Many forms of discrimination still, unfortunately, exist across the nation, and this can sometimes saturate the workplace, too.
Some people do not even know that they are engaging in discriminatory behavior, though. This is often the issue when it comes to hair-based discrimination in specific.
How did hair discrimination start?
The Society for Human Resource Management discusses means of stopping hair discrimination in its tracks. First of all, what is hair discrimination?
In short, over the years, certain hairstyles and textures got conflated with certain races or ethnicities. Due to discriminatory bias, some of these hairstyles and textures got deemed unfit for the workplace, or unprofessional.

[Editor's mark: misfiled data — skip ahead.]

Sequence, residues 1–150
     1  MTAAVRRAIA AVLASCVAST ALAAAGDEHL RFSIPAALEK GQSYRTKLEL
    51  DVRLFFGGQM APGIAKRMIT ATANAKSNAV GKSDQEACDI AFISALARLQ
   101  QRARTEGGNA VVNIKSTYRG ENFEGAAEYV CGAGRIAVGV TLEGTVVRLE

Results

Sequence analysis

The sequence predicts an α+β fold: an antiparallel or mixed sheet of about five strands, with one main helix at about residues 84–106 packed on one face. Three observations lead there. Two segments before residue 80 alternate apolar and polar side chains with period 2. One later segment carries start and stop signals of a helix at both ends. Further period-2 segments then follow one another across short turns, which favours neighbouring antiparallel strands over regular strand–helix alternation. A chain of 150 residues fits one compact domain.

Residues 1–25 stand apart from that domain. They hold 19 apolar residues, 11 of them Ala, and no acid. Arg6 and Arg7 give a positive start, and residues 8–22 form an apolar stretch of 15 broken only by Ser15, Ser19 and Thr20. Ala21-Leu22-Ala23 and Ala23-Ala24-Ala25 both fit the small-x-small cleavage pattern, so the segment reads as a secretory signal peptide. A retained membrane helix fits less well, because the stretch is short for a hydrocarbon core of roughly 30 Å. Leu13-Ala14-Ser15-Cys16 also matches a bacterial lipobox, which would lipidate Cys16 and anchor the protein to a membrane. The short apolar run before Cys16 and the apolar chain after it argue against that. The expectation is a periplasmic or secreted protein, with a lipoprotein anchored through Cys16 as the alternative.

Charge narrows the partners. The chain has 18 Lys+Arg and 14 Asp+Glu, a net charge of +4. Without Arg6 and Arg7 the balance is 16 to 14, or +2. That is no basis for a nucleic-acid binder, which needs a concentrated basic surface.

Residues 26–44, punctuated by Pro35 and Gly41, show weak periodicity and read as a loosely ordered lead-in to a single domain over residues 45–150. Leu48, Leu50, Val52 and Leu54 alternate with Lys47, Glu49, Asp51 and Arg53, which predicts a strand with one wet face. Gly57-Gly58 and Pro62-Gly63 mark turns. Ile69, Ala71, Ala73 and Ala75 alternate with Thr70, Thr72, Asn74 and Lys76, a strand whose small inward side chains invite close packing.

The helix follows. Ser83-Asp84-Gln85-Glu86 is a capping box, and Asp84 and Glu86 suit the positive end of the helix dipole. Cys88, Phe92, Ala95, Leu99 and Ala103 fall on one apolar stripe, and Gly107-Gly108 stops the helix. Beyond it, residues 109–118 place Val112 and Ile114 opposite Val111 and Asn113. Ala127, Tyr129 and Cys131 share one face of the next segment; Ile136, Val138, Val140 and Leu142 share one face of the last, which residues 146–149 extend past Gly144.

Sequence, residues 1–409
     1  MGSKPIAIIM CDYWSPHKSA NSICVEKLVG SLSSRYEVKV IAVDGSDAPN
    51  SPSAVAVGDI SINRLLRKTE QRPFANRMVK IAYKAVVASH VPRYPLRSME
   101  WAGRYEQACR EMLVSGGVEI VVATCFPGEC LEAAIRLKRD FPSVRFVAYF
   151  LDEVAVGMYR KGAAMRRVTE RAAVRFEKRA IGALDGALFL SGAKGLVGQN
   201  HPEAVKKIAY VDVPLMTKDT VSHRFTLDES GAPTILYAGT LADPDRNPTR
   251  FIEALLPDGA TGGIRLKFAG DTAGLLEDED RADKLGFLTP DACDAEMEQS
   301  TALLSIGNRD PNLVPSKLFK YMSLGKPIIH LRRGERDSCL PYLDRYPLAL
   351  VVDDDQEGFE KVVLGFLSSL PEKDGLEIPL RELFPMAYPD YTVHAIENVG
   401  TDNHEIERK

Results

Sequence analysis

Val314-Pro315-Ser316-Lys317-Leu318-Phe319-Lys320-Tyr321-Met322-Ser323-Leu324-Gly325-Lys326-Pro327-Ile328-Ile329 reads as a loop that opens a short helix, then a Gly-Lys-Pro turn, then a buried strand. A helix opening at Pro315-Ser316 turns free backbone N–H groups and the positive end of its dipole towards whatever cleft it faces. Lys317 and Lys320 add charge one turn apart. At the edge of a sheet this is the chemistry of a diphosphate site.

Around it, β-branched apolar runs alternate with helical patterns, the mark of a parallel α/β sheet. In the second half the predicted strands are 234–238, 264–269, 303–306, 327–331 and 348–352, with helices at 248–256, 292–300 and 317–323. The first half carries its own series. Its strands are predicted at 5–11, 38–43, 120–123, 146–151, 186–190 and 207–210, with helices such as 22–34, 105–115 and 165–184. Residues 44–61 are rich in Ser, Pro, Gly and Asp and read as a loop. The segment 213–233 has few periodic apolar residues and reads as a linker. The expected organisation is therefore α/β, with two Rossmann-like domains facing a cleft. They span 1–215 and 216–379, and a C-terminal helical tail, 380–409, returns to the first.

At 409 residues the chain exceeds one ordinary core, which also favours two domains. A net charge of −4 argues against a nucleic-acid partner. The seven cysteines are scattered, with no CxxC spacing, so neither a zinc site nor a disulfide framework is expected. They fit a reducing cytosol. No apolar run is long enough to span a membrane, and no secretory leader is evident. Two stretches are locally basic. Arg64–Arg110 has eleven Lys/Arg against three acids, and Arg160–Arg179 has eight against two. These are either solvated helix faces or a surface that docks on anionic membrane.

The CROWN Act
Acts like the Creating a Respectful and Open World for Natural Hair (CROWN) Act attempt to address this subtle discrimination. It addresses the issue of people with natural or ethnic hair routinely getting turned down for jobs specifically because of their hair.
Under the CROWN Act, numerous types of ethnic hairstyles and hair types will see new protections. This includes things like Bantu knots, braids, cornrows, twists, Afros, locks or hair worn in a tightly coiled or curled style.
Acts like this ensure that no one with ethnic hair ends up knocked out of the running for a job just due to their hair alone. It protects any hair texture or hairstyle commonly associated with any particular national origin or race, especially African Americans.
This bipartisan bill will help make a more fair environment for workers of all ethnicities and will help bring light to, and end, smaller microaggressions at work.